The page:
This July, many families will attend the global Seventh-day Adventist Church business meeting, commonly known as General Conference (GC) Session.
With more than 50,000 people in attendance, there is an increased risk for missing children.
Following a 2006 parent survey, The Center to Prevent Lost Children reported that ninety percent of families will experience losing a child in a public place. Children are more likely to go missing in a densely populated area, such as shopping malls or stores, and nearly one in three families who visit an amusement park will lose track of their child during the excursion.
This year the GC Session will take place in two venues, the Alamodome and the Henry B. Gonzalez Convention Center.
“The Alamodome holds more than 70,000 people, and we anticipate being at full capacity,” says Jim Vines, security director, General Conference of Seventh-day Adventists and security coordinator for GC Session. “In an area so concentrated with a lot of people, kids can get lost in the crowd very quickly.”
MISSING CHILD PROCEDUREIf you become separated from your child, immediately contact someone on the security staff. Follow the same procedure if you locate a missing child or are approached for help. A phone number to report a missing person will be published under Emergency in the GC Session App.
Security will obtain a description of your child and notify all security personnel to assist in the search. Missing children can also be reported to one of the Session Management Offices in Room 206 of the convention center or Meeting Room C in the Alamodome.
“Session Management staff will be able to alert security and send out notifications via Session monitors and the GC Session app,” says Sheri Clemmer associate session manager for GC Session. This will alert many people to be on the lookout for the missing child.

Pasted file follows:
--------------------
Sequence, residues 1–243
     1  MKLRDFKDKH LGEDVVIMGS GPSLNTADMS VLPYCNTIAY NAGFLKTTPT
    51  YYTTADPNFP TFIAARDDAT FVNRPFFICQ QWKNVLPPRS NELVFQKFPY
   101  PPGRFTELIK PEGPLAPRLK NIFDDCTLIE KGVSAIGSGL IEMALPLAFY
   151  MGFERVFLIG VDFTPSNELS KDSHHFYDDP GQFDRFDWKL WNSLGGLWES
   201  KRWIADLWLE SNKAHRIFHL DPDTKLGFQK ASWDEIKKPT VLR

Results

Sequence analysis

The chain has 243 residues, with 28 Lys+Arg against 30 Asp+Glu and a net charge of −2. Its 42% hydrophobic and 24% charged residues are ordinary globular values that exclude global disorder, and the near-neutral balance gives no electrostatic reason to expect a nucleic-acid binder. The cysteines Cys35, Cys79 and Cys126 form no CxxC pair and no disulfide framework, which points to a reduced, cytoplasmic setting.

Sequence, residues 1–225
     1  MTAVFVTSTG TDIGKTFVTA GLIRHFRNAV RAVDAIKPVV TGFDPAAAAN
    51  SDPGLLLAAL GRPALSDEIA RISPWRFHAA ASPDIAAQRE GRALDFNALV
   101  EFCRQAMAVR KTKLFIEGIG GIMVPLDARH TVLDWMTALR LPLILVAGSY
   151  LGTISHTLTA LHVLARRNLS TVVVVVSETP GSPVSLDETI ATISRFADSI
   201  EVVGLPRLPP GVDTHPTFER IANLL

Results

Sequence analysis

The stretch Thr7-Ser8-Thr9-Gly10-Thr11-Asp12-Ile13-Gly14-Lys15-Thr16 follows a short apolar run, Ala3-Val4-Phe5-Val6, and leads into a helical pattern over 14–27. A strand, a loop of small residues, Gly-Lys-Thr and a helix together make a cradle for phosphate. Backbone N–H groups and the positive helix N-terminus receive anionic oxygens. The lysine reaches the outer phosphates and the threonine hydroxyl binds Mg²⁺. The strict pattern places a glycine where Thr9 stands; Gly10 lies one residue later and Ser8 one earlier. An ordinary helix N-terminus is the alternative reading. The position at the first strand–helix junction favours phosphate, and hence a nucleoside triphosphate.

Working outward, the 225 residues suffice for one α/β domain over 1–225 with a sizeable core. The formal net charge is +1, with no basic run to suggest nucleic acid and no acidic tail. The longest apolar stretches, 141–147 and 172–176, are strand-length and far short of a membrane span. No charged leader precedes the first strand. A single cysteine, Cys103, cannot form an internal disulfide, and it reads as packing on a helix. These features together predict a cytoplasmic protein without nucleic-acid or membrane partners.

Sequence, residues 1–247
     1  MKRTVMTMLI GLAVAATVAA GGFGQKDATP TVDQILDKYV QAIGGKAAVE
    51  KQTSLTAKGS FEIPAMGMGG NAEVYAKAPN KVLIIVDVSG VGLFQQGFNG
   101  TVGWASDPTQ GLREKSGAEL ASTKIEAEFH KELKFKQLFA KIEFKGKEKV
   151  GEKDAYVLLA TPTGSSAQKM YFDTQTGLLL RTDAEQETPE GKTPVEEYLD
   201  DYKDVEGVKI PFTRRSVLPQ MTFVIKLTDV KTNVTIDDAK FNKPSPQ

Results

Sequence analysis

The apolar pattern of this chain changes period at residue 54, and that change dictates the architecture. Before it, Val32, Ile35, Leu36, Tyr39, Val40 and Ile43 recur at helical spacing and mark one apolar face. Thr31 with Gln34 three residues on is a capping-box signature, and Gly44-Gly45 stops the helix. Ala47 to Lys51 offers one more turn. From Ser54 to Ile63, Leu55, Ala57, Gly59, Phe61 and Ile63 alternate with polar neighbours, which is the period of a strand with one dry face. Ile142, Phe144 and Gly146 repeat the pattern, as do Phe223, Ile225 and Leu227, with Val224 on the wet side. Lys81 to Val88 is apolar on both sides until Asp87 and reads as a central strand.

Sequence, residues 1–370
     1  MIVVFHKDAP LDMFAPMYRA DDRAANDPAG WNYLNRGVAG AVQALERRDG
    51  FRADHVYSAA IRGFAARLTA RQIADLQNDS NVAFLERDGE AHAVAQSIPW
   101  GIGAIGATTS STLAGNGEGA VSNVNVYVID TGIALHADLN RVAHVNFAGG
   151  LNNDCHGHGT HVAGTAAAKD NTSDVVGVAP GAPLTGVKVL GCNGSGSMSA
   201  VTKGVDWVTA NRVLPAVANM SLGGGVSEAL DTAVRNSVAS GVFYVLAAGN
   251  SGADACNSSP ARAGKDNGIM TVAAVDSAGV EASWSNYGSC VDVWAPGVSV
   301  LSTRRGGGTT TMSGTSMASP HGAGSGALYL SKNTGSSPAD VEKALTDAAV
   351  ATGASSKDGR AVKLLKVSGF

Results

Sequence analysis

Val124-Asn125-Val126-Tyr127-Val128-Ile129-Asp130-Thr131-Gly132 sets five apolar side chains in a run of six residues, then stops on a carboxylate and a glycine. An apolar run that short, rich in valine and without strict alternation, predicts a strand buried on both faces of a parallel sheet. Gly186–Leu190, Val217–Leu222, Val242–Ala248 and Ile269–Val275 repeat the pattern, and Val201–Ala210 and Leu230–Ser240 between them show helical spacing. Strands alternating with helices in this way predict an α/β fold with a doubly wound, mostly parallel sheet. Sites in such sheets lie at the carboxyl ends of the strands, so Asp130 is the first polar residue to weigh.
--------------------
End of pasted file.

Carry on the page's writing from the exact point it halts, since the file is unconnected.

Children who become separated from adults will be held in one of the Session Management Offices until the parties can be reunited.
Approximately 400 security personnel will be assigned to the Alamodome, with the same number located around the convention center. These will include city ambassadors wearing yellow shirts and straw hats, convention center ushers dressed in black pants and jackets with white shirts, and local law enforcement.
“Many of the police officers will be in uniform, but others will be in street clothes,” Vines says. “If a child and parent are looking for one another, I don’t think it will be difficult to reconnect them.”
Review these quick safety tips for preventing your child from going missing.
MISSING CHILD PREVENTION MEASURES
Have a PlanBefore attendance at any event, create a plan of what your child should do when lost. Discuss it with your children. For older children, designate an area where everyone should meet should they become separated. Also, choose a person the child should contact if he/she cannot reach you.
Teach preschoolers that if they get lost they should ask a “Mommy” for help. “If your child selects a woman, it’s highly unlikely that the woman will be a predator,” recommends Gavin de Becker, child safety expert in his book Protecting the Gift. “A woman is likely to stop whatever she is doing, commit to that child, and not rest until the child is safe."
Every morning before your family leaves the hotel for another day of GC Session, remind your children of the plan. Have them tell you what they will do if lost. Take a moment to observe what each child is wearing. If you become separated, this will help you give an accurate description to security personnel.